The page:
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Age fraud - BCCI offers amnesty scheme to players, promises 'stern actions' to curb menace

ESPNcricinfo understands that the board has suspended 236 players in the last two years

Nagraj Gollapudi
Rahul Dravid and Sourav Ganguly stressed on the importance of dealing with age fraud sternly

Rahul Dravid and Sourav Ganguly stressed on the importance of dealing with age fraud sternly  •  Getty Images

In its most high-profile move against age fraud, the BCCI has proposed an amnesty scheme accompanied by a system of punishments for offenders. Under this, registered players will get an opportunity to voluntarily declare any age fraud and avoid suspension if they provide their actual date of birth, but face bans if they are found to have breached this.
A press statement from the board on Monday said that if the BCCI discovered such a fraud after the deadline of declaration - September 15, 2020 - the players could be banned for two years and barred from any age-group tournaments even after the ban ended. That rule would be both applicable both at the India and the state levels.
Age fraud, as the BCCI said, has been a "menace: in Indian cricket for long specifically at age-group level: Under-16, Under 19 and Under 23 (both men women categories)." ESPNcricinfo understands that in the last two years itself, the BCCI has suspended 236 players - 210 men and 26 women. A total of 159 players were detected to have committed age fraud in 2019-20 season.
Rahul Dravid, the former India captain who is now director of cricket at the National Cricket Academy, has long considered age fraud as "seriously detrimental" to the culture of Indian cricket. Dravid reiterated that stance in the media release on Monday.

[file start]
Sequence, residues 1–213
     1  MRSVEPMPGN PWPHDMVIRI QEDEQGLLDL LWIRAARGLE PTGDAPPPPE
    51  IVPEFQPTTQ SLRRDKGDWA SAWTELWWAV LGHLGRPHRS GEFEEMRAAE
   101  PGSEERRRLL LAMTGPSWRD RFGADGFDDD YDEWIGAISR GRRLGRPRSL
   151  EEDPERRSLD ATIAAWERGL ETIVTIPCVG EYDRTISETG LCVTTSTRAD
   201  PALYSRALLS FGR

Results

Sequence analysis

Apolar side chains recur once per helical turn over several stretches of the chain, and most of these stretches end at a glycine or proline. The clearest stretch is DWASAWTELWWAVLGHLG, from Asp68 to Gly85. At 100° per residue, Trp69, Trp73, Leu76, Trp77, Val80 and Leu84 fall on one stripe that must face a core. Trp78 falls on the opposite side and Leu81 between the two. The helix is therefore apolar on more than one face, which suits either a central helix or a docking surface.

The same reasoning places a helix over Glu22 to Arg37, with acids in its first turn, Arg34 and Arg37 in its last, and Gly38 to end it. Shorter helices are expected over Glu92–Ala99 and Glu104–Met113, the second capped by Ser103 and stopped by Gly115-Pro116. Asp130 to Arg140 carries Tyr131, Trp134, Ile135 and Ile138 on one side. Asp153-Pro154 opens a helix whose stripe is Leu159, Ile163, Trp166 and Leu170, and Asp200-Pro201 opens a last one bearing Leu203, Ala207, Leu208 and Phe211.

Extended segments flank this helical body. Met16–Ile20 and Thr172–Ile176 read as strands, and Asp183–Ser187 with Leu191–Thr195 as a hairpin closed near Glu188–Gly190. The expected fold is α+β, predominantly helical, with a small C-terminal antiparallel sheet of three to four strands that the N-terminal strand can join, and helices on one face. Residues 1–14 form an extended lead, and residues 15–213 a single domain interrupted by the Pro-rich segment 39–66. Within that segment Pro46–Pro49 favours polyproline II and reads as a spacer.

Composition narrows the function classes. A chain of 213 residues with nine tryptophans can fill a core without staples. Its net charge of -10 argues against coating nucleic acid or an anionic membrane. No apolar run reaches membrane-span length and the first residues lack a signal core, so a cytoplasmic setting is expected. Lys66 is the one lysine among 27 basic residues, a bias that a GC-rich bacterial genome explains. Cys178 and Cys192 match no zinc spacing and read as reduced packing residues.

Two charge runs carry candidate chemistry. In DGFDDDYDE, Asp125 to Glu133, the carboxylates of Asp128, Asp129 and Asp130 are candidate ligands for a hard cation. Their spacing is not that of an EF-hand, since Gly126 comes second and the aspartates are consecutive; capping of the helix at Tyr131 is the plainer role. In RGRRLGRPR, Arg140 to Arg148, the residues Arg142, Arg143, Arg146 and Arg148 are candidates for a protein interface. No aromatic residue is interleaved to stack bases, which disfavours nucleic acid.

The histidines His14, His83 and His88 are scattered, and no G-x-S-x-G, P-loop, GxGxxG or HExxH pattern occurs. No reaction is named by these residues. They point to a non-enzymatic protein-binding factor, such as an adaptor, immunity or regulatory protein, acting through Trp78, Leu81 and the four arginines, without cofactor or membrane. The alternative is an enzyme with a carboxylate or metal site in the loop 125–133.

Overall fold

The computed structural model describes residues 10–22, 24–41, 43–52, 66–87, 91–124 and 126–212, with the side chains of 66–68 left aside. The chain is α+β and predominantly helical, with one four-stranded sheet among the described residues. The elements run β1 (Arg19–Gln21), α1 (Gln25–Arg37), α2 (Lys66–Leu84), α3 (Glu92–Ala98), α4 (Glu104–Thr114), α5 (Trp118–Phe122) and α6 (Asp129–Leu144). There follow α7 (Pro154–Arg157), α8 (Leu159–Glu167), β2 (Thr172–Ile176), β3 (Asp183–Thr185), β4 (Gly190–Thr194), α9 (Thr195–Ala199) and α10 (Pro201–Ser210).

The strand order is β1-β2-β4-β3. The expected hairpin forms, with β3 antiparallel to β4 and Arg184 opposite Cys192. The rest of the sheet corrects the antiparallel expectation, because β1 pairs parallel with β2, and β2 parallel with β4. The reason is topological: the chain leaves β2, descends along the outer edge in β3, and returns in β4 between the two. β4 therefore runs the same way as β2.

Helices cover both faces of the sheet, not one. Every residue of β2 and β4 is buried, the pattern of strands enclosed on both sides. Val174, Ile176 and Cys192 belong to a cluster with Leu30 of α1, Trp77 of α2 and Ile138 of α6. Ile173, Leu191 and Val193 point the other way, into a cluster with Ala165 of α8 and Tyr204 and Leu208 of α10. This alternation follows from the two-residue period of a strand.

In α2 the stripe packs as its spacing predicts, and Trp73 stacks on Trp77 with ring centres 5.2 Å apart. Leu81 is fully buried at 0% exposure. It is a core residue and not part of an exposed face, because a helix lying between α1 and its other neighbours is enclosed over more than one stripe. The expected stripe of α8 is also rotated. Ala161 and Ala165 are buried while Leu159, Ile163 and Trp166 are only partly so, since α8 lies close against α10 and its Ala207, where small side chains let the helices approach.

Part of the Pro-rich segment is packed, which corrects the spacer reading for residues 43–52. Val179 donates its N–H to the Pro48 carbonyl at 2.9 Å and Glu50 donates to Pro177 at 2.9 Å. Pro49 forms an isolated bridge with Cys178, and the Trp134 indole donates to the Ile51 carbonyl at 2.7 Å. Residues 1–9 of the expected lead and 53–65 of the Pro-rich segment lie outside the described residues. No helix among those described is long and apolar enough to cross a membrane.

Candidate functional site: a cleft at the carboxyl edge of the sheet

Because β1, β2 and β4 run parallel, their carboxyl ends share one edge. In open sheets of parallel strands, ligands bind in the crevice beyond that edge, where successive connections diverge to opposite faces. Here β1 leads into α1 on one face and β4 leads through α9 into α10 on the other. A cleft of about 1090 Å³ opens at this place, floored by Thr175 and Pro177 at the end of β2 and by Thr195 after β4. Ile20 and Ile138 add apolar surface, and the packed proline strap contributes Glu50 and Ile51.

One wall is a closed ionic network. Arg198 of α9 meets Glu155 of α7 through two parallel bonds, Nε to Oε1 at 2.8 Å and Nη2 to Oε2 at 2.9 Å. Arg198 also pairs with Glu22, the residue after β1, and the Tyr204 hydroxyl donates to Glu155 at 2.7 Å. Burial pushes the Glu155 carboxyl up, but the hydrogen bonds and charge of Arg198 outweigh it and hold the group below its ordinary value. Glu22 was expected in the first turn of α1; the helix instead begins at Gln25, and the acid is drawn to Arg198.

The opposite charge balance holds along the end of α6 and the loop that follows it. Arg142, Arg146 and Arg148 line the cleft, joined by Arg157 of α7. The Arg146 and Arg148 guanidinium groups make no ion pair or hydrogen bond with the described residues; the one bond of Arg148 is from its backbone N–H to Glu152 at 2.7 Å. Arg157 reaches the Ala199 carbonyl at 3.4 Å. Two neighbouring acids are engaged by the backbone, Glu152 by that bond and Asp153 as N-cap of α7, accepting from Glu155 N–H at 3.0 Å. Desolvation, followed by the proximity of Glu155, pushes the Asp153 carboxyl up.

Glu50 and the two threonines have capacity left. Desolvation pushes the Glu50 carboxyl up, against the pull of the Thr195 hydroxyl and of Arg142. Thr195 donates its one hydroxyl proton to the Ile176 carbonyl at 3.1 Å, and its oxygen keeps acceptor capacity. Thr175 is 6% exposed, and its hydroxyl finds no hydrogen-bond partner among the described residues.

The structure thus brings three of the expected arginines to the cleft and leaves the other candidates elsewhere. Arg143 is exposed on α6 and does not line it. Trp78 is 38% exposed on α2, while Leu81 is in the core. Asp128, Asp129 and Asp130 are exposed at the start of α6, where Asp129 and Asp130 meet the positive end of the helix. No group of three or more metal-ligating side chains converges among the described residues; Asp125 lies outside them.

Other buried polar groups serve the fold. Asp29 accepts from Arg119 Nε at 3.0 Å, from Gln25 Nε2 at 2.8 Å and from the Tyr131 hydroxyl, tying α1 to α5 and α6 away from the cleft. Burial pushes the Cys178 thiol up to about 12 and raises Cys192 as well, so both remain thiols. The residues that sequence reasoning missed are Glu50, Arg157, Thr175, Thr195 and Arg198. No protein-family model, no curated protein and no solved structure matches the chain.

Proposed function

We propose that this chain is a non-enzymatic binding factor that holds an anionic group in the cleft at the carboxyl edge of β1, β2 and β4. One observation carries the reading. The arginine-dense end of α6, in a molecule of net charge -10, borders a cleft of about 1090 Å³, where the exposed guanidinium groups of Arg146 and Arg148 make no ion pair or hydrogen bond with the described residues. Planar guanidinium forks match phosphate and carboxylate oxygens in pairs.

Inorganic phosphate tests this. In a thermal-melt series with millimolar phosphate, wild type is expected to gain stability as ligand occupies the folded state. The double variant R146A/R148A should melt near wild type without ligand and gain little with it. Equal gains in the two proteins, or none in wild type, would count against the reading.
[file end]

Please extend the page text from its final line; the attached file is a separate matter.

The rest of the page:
"Age fraud is a serious matter and is detrimental to the health of the sport," Dravid said. "Many youngsters who are supposed to be playing in a particular age group fail to make it owing to age fraud. With the BCCI taking stern actions to curb this, it is only advisable for the players to come forward and abide by the directives issued by the board."
Sourav Ganguly, the BCCI president, has underlined his commitment to "providing a level-playing field across all age groups". "The BCCI has been taking steps to counter age fraud and are now introducing even stricter measures from the upcoming domestic season. Those who do not voluntarily disclose their misdemeanour will be punished heavily and will be banned for two years," he said.
How does the age verification process work?
As part of the age verification process, at Under-19 level, the player has to submit his birth certificate along with as many documents concerning his school/college educational reports. For the Under-16 category, the BCCI conducts a one-time TW3 (Tanner-Whitehouse3) bone maturation test at the Under-16 level only. The TW3 test, adopted by the BCCI in 2012, allows accurate estimation of a player's age by the analysis of x-rays of the lower end of the player's forearm.
Going forward, from the 2020-21 season, the BCCI said only players aged between 14 and 16 will be permitted to register for the Under-16 level. For the Under-19 category, if a player's birth certificate has a date two years after his actual date of birth, there will a cap imposed on the number of years the player can feature at that level.
Nonetheless, players have managed to bypass these rules. Last year, the BCCI banned Rasikh Salam, the Jammu & Kashmir pace bowler who represented Mumbai Indians in one IPL game, for two years for submitting a faulty birth certificate when registering with the board. At the time, he was part of the India Under-19 side to play a triangular one-day series in Bangladesh.
The BCCI introduced a 24-hour helpline last year (see footnote) to report age and domicile fraud. Upon receiving complaints, the BCCI has launched investigations that reach out to the players' schools, hospitals of birth, local municipalities and panchayats etc. to verify the documentation provided.
Domicile fraud
The voluntary disclosure scheme will not apply to domicile fraud, which also carries a two-year ban. The number of such cases might have gone up with newer states qualifying to play Ranji Trophy in accordance with Lodha reforms. So, a player qualified to play for a more established state might find it easier to get selected for newer states.
The BCCI also said players under the age of 14 would not be allowed to play in Under-16 tournaments. And those whose birth was registered more than two years after the date of birth would be allowed to play only a certain number of years in the Under-19 events. It didn't spell out the restriction.
The numbers to report age or domicile fraud are 9820556566 and 9136694499.

Nagraj Gollapudi is news editor at ESPNcricinfo